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Monday, 19 August 2019

Wide rimmed Bowl WIP for Will Stewart

I am not saying this is the best way or the only way it is the way I do it.

This is a Spalted Sycamore blank I roughed out probably a year ago.It would have been partly air dried but not dry enough to finish.

 This blank has quite a large spigot because when it was roughed out  I would probably have done a batch of about 50 or more and with the bigger spigot I could turn it safely at a very high speed therefore getting through the work a lot quicker
 At this stage the underside has been given its final shape and the spigot reduced. To save on time the  large spigot is now reduced in size to create the finished foot and I put a slope on the side of the foot so that when I sand the underside the abrasive goes over the slope and saves time better than sanding a square edge. .The underside is then sanded down to 1000 grit 120,180,240,320,400.600.1000 I sand all of my work down to 1000 grit.Then I apply a coat of Cellulose sanding sealer and wipe of excess and spin the piece up fast with a bit of Safety cloth held quite firmly against the piece to create a bit of heat to set the sealer.

 Next with the Lathe stopped and a thin film of Yorkshire Grit is wiped on.The lathe is then spun up slowly to star with and building the speed gradually to break down the grit this creates a very fine finish
 Then a thin coat of Hampshire Sheen High Gloss polish is applied again with the lathe stopped followed by buffing with safety cloth with the lathe at quite a high speed.
 This is the underside finished to a very high standard and all that is left is to remove the Spigot later
 Bowl reverse chucked and rim sanded to 240 Grit don't go any smoother than this as the paint needs something to grip on

 I then apply a coat of Chestnut Ebonising lacquer taking care not to spray inside the inner Bowl or the paint will be sucked up the end grain and you will never remove it.What I used to do to avoid this was to coat the surface of the inside with wax polish to fill the end grain and then if you get over spray it will not be sucked up into the grain If you do it this way when you have finished your colouring turn out the first bit of the inner bowl with the Lathe running slowly or the polish we go all over the rim because of centrifugal force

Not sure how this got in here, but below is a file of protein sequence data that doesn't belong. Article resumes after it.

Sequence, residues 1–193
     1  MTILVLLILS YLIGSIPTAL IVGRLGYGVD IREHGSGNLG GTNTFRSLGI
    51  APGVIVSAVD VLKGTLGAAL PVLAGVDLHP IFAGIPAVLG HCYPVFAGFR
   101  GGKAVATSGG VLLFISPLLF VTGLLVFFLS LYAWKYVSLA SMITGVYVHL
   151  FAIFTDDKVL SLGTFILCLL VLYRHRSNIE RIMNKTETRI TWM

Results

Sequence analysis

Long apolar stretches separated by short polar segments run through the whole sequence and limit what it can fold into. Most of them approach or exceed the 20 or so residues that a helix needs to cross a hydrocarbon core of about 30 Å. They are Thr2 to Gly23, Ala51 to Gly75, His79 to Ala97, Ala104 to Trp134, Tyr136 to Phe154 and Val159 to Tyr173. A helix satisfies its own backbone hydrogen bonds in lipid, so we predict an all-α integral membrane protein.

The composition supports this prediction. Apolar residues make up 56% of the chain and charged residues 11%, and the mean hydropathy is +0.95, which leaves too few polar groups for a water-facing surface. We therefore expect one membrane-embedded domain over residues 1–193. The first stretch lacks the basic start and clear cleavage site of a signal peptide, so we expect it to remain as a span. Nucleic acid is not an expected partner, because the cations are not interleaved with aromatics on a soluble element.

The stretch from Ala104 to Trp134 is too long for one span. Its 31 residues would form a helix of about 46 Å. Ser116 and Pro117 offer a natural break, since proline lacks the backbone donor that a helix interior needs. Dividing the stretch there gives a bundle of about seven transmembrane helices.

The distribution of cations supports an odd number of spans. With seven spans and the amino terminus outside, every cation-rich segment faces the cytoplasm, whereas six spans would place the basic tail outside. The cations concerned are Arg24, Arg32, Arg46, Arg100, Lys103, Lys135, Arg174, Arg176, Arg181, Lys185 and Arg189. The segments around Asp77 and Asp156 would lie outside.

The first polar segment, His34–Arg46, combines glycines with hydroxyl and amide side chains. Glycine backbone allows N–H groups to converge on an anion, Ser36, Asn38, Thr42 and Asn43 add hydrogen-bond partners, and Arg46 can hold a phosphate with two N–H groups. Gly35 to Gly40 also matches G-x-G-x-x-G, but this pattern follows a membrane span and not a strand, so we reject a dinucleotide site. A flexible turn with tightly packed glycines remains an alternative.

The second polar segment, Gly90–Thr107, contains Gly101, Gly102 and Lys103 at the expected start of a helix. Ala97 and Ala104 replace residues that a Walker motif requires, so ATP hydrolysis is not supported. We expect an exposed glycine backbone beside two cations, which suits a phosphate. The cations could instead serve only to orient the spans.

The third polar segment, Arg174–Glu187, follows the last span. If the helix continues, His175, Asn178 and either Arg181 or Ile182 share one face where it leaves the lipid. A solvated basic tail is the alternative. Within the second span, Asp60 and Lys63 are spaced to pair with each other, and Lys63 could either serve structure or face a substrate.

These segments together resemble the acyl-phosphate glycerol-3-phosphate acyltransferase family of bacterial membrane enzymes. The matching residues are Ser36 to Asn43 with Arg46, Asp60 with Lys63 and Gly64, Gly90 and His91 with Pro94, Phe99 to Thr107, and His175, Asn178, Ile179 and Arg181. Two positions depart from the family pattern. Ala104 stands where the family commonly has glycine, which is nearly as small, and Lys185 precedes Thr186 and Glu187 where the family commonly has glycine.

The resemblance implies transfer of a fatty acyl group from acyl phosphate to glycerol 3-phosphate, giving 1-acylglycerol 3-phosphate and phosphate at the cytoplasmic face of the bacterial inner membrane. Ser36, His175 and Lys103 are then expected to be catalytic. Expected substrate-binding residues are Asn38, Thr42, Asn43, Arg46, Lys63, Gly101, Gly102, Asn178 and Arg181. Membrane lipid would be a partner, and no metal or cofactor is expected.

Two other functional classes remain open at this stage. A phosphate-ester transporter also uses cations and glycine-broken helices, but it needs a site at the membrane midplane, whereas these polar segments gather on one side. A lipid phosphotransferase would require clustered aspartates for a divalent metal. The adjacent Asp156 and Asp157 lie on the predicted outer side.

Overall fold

To speed everything up I have dried the paint with a hot air gun.
 I am going to do the colouring with Jo Sonja's iridescent paints as pictured below.I keep the paints upside down because then I don't have to turn them up to get the paint to the top it is already there time saved.
I am using three colours on this piece first is Red

 Followed by Turquoise and a bit of Gold.I do not like putting on too much Gold I feel it can over power the other colours. The paint is simply dabbed on with a bit of crumpled up carrier bag
 All colours on and to save time I dry the paint with a hot air gun this does not hurt the paint just don't burn it.


The inside of the Bow is then turned down to a finish and sanded to 1000 Grit
 I am now going to put a border both sides of the coloured rim to make the painted area stand out and tie the whole piece together.Firstly I cut through the paint very carefully with the point of a Skew chisel.Take care doing this and only use the point of the skew or it might track of left or right spoiling the piece.The skew must be dead upright.
 Skew from another angle.
 That is the two lines defined then I carefully remove the paint with a Spindle gouge to create a nice margin keeping them the same size or they will look odd
 Carefully sand down again to 1000 Grit

 Then the whole top wood and paint is given a coat of Chestnut Acrylic sanding sealer and a couple of coats of Hampshire Sheen Gloss lacquer sprayed wet on wet .The sealer coat in my opinion is very important to seal the Paint and protect from fading.
 Then again I go through the the same process with the Yorkshire grit and Hampshire Sheen high Gloss this gives a very good finish but this is only on the wood not the paint.
 Remove the spigot and put my Brand on the bottom and we are done.



 Finished Bowl

It took me longer to write this up than it did to make the Bowl.I have been making hundreds of these for about 15 years and have got it of to a tee.When I do these in bulk I do each stage on about ten bowls at a time and I have got it down to about 30 minutes from roughed out Bowl to finished

Sunday, 18 August 2019

A present for Christine

Christine's Husband Scott treated her to a days Woodturning experience because she had shown an interest in the past.
Christine was great company and a lot of fun, we had a very nice day.
These are the sort of days that make teaching easy good company and plenty of laughs .
Christine took to turning like a Duck to water and turned a lovely Sycamore bowl.